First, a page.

Before I got sick this sort of conniption would have been cathartic for me, to a certain extent it still is, but now my rage does not come without consequences. Almost immediately after I throw something in anger, my muscles seize up and fill with acid. The pain and burn is so severe I have no choice but to remain completely motionless. Then a profound weakness consumes my muscles and a sort of apoplexy hits as I remain unimaginably still, thinking to myself, “Why the hell did I just do that, was it really worth it?” A few minutes earlier the answer would have been an emphatic “Yes,” but dealing with the repercussions after the fact is a much different story — a story full of remorse and sorrow. 

MECFS is a debilitating disease which has left me severely deficient of key hormones like cortisol — crucial to processing anger and stress. And this only affirms my belief that there really is no healthy way to deal with anger when you have MECFS. 

Some people have suggested meditation, or worse, cognitive behavioral therapy (CBT). I don’t hesitate to throw my sunglasses at these people.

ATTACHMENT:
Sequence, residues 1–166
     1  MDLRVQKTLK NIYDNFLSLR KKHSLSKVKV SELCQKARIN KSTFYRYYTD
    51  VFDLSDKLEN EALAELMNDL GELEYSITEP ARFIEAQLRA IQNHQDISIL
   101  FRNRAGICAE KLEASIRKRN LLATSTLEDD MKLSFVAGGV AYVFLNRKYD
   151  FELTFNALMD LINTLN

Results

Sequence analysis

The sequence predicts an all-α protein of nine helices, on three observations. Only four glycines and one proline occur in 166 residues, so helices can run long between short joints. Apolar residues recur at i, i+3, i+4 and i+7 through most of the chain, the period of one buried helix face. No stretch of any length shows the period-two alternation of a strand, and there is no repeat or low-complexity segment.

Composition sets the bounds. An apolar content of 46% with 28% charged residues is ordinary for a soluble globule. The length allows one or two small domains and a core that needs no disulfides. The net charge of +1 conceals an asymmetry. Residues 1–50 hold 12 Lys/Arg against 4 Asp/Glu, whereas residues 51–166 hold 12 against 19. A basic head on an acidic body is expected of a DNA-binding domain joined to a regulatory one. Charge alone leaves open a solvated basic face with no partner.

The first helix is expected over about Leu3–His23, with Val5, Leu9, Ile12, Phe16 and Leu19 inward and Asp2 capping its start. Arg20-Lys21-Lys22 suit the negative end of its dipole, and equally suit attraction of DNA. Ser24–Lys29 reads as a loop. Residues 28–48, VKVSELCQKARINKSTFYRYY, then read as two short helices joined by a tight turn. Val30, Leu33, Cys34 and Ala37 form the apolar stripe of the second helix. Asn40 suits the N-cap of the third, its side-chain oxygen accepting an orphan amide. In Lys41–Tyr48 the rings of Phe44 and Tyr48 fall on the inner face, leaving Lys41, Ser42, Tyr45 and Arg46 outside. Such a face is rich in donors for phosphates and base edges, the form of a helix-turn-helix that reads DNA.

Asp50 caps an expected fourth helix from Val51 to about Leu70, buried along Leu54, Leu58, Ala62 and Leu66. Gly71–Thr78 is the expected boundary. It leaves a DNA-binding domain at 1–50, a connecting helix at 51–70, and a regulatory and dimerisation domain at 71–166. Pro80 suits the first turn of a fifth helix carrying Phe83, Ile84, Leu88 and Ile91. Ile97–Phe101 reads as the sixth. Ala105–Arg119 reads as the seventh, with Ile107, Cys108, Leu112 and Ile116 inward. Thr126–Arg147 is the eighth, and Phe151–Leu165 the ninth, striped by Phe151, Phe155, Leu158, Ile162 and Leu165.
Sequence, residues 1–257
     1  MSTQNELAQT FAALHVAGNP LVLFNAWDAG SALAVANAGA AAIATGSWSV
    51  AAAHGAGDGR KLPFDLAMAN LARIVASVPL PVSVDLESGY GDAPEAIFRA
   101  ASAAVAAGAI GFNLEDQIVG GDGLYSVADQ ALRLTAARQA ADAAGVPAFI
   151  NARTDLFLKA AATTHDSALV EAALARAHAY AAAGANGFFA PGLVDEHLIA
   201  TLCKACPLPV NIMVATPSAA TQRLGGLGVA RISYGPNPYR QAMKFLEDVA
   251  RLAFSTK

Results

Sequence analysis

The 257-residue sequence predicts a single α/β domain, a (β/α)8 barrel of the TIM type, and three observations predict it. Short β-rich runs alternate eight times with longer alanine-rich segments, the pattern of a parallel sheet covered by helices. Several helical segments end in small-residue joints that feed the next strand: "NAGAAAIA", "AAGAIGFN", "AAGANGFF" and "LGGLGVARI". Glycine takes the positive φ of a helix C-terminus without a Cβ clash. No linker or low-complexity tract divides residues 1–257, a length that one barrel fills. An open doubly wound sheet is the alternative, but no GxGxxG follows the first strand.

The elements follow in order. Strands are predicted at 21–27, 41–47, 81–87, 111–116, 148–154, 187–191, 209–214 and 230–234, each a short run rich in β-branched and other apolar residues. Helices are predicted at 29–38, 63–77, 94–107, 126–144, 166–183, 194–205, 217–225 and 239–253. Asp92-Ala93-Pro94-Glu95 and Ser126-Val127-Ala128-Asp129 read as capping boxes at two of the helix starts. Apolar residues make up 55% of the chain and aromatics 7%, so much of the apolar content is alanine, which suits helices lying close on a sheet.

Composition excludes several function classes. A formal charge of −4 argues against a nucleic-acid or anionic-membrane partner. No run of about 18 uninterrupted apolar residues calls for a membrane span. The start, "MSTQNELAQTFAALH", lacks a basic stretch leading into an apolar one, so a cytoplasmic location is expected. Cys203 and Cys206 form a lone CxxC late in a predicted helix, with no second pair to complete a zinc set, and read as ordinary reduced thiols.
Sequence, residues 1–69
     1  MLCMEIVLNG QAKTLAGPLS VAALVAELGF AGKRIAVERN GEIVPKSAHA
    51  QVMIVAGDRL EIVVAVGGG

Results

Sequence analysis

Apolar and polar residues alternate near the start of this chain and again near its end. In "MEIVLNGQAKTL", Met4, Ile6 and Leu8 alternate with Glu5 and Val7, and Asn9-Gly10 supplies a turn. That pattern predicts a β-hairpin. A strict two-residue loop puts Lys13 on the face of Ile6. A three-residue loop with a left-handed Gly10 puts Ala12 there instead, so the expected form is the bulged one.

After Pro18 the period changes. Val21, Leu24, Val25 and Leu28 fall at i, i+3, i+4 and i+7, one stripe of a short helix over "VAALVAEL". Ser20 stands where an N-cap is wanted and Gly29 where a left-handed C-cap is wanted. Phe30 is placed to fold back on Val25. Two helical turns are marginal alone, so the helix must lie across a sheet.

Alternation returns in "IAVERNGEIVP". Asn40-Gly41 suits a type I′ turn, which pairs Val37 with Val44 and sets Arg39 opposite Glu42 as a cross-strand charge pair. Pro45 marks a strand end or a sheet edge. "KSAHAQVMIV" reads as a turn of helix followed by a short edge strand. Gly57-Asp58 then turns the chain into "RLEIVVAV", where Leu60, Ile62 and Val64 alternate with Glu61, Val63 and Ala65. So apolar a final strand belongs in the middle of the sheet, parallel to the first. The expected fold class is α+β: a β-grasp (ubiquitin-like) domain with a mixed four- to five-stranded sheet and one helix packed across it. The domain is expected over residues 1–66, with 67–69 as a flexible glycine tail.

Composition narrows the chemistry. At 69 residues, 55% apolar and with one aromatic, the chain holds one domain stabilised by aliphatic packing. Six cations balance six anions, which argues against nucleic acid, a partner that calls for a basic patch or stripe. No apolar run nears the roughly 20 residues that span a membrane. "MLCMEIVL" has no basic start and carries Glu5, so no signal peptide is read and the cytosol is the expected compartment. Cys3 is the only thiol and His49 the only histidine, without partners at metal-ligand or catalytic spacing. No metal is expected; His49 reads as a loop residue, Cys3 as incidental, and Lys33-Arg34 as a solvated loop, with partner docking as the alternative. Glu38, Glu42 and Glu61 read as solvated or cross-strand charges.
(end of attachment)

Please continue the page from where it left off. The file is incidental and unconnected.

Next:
“Hey, have you tried meditation?” Well, let’s see I’ve been sick for six years, do you really think you’re the first person to bring up meditation? As a matter of fact, I have tried meditation many times, I even went to a meditation group for awhile. It was great. I love meditation. But I want you to try something, if you will, or maybe just imagine yourself trying it. Stay in bed all day, don’t get out, just stay there. And when your stagnation becomes too maddening because you’re antsy from staring at the ceiling all day and you have yet to figure out how to eat, bathe, use the bathroom or drink water, then and only then should you close your eyes and try to meditate. 

The truth is, internalizing the trauma of being bedridden only makes it worse. It’s like someone telling you not to move or hours and then reflect on how it makes you feel and what kind of mental calisthenics you can do to sit still even longer. 

Forget that! Every fiber of my being wants to throw something at the wall, or break a window, or punch some stranger in the face (#sorrystranger), or do some hardcore drugs and wake up on top of a refrigerator in an unfamiliar house spooning a blowup doll who bears a striking resemblance to Whoopi Goldberg. 

Too much? Sorry. But see what I mean? These are the kinds of thoughts and emotions I deal with on a daily basis, and I have no way to cope besides: (A.) hurt myself in a fit of rage, or (B.) go insane trying to deal with the anger about my physical ailments by using some cognitive behavioral hocus pocus.